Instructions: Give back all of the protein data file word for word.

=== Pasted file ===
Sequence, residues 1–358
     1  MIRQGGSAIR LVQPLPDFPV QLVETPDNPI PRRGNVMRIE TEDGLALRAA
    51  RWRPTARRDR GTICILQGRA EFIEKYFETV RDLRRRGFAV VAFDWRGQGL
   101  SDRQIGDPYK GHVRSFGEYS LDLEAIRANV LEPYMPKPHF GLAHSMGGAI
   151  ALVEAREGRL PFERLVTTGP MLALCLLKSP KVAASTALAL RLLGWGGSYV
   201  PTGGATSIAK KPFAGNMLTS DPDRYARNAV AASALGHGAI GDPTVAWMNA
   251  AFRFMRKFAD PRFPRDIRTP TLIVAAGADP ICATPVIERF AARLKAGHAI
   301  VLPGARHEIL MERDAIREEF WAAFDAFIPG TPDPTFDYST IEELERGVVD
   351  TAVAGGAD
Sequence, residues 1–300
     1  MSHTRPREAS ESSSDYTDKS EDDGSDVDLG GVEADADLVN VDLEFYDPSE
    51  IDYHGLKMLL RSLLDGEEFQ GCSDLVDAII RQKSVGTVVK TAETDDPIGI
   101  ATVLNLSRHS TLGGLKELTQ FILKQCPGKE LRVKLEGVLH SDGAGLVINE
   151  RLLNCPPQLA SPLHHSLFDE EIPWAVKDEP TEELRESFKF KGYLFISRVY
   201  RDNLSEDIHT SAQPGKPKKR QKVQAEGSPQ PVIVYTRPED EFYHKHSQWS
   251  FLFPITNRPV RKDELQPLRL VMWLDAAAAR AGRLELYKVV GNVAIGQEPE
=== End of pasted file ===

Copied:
Sequence, residues 1–358
     1  MIRQGGSAIR LVQPLPDFPV QLVETPDNPI PRRGNVMRIE TEDGLALRAA
    51  RWRPTARRDR GTICILQGRA EFIEKYFETV RDLRRRGFAV VAFDWRGQGL
   101  SDRQIGDPYK GHVRSFGEYS LDLEAIRANV LEPYMPKPHF GLAHSMGGAI
   151  ALVEAREGRL PFERLVTTGP MLALCLLKSP KVAASTALAL RLLGWGGSYV
   201  PTGGATSIAK KPFAGNMLTS DPDRYARNAV AASALGHGAI GDPTVAWMNA
   251  AFRFMRKFAD PRFPRDIRTP TLIVAAGADP ICATPVIERF AARLKAGHAI
   301  VLPGARHEIL MERDAIREEF WAAFDAFIPG TPDPTFDYST IEELERGVVD
   351  TAVAGGAD
Sequence, residues 1–300
     1  MSHTRPREAS ESSSDYTDKS EDDGSDVDLG GVEADADLVN VDLEFYDPSE
    51  IDYHGLKMLL RSLLDGEEFQ GCSDLVDAII RQKSVGTVVK TAETDDPIGI
   101  ATVLNLSRHS TLGGLKELTQ FILKQCPGKE LRVKLEGVLH SDGAGLVINE
   151  RLLNCPPQLA SPLHHSLFDE EIPWAVKDEP TEELRESFKF KGYLFISRVY
   201  RDNLSEDIHT SAQPGKPKKR QKVQAEGSPQ PVIVYTRPED EFYHKHSQWS
   251  FLFPITNRPV RKDELQPLRL VMWLDAAAAR AGRLELYKVV GNVAIGQEPE